For decades, cashmere has been king in the world of luxury fabrics. But now, there is a new sustainable alternative – Yak wool. Cashmere production begins with a lot of goats and often in a fairly limited area. Their little hooves rapidly impact the terrain not allowing to restore itself. Heavily tramped soil combined with overgrazing have led to desertification in areas of high cashmere production, such as Mongolia. And although, the spread of goats has been harming the environment, significant climate change as also desolated the area.
Therefore, the solution is Yak fibre – is the natural wool produced from the coat hair of yaks (Bos grunniens). The mostly keep their roaming within the Himalayas, Tibetan Plateau, and some areas of Mongolia and Central Asia. Yaks have a much gentle step, reducing the potential for over-trampled grounds and help save the herder families’ nomadic lifestyle. Every spring, yaks naturally shed their silky undercoat and is harvested by combing which is then cleaned and spun into ultra-fine yarns. Yak is among the most luxurious and expensive yarns in the textile world, since each yak produces only a pound or two of it each year.
Yak fibre is extremely fine and soft making it the perfect sustainable cashmere alternative. Its smoothness is due to the fact that every animal’s hair has a different surface texture, and yak down coat under a microscope looks scally. These scales fit tightly against the surface of the hair shaft, which makes it feel very smooth and consequently soft. It also makes it more difficult to spin into yarn, but this problem is offset by its high commercial value. Another reason for yak being so soft is its crimp.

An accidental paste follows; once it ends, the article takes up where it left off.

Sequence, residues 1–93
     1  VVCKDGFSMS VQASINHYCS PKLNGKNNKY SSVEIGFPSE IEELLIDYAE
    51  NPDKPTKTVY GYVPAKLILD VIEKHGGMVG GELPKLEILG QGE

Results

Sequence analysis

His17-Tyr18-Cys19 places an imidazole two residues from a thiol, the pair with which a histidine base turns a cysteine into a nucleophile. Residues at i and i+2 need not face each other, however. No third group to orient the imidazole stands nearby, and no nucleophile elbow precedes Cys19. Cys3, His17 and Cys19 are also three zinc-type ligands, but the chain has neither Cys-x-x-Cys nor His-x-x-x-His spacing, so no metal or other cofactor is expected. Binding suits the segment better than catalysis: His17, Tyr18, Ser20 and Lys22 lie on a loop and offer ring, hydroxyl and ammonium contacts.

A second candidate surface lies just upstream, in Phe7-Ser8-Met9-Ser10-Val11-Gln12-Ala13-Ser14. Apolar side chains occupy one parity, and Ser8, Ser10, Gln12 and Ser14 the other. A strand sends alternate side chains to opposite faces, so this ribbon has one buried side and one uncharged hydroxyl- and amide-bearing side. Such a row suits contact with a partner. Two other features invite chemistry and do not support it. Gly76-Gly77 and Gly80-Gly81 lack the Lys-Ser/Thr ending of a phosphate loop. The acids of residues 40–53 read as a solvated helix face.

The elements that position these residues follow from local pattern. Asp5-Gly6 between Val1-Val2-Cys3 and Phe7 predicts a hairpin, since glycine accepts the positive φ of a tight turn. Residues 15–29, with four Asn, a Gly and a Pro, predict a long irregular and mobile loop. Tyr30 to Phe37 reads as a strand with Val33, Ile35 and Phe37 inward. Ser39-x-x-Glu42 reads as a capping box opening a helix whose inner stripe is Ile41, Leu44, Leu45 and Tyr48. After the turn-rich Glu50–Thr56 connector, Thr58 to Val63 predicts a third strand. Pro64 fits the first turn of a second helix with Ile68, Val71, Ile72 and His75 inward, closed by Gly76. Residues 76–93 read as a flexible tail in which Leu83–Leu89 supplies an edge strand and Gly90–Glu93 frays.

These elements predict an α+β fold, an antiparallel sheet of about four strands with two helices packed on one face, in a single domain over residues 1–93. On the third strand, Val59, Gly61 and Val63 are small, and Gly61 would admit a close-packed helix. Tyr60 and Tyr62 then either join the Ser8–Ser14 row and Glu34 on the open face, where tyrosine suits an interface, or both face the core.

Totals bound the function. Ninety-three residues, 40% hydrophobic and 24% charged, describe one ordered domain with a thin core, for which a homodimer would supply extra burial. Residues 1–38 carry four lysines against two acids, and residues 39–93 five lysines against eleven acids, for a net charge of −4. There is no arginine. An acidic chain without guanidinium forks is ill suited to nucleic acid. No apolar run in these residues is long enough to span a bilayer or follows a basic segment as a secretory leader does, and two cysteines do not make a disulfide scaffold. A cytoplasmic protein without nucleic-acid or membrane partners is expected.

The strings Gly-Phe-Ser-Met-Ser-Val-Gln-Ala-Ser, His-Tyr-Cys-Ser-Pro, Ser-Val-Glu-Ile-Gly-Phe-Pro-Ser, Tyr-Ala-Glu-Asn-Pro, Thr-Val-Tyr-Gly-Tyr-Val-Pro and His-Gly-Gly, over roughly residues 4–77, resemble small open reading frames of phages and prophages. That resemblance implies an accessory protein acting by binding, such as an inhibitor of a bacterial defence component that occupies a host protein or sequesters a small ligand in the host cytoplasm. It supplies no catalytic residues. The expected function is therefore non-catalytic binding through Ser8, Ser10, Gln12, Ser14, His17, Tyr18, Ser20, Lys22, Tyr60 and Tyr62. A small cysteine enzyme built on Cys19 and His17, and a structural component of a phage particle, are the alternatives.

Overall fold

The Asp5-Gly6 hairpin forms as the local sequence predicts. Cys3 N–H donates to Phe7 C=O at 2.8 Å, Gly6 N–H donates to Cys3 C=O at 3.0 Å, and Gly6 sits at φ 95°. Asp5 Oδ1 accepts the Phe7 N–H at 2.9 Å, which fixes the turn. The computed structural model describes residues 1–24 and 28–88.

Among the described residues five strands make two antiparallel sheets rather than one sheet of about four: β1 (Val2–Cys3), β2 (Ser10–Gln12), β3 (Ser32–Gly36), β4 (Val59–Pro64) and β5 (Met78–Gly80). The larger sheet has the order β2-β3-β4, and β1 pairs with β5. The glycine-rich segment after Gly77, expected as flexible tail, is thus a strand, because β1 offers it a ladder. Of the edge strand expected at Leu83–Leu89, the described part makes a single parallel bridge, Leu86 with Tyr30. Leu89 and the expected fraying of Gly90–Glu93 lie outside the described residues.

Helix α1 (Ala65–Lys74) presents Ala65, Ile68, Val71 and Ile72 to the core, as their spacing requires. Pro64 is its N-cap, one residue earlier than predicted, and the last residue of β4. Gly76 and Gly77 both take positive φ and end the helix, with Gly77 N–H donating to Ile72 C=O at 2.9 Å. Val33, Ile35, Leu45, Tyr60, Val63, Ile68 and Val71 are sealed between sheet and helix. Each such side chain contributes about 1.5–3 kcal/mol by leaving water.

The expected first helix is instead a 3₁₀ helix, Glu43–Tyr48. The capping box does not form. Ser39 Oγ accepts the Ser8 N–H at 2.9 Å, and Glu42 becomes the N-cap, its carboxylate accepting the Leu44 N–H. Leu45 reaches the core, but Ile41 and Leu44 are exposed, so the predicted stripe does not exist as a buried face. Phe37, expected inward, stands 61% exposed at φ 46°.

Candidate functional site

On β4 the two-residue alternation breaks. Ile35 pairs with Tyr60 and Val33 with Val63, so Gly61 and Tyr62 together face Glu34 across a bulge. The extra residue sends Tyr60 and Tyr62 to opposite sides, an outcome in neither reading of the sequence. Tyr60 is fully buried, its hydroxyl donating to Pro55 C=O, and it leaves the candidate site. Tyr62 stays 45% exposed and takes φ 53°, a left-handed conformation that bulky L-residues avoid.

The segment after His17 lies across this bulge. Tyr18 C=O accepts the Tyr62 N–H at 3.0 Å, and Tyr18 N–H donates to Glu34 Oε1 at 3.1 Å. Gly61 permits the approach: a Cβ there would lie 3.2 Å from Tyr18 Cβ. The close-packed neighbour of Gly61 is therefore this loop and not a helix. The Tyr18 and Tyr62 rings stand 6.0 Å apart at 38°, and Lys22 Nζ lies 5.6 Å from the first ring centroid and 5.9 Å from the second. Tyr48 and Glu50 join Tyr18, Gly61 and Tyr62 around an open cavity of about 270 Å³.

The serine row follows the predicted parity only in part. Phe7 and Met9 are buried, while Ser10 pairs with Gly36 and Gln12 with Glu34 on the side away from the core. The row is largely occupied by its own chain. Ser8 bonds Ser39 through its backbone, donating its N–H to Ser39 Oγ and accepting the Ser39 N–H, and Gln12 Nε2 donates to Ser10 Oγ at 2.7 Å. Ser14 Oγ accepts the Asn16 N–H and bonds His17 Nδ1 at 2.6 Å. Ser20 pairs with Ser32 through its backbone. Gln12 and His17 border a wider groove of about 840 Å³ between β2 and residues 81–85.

Crimp means the bends or folds in a fibre. Yak down coat has so much crimp that it looks like a coiled spring that has been mashed flat. Crimp assigns three qualities to a fibre: bounce, loft and creates warmth (when mixed with other fibres). These qualities together produce one of the softest, lightest, fluffiest and most luxurious fabrics the world.
In terms of thermal-balance, yak wool outperforms sheep wool. It can preserve warmth in the winter, even when wet, yet breathes for comfort in hotter weather. Air pockets are created between the fibres that reduce the rate of heat transfer. Yak is breathable fibre, it is able to absorb water and release it to the air.
Yak yarn is extremely durable, lightweight and completely odourless due to its anti-microbial feature which prevent bacteria from living on sweat. Other properties include static-resistance, hypoallergenic and non-irritating as it does not contain animal oils or residue. The yarn can be washed with a gentle detergent.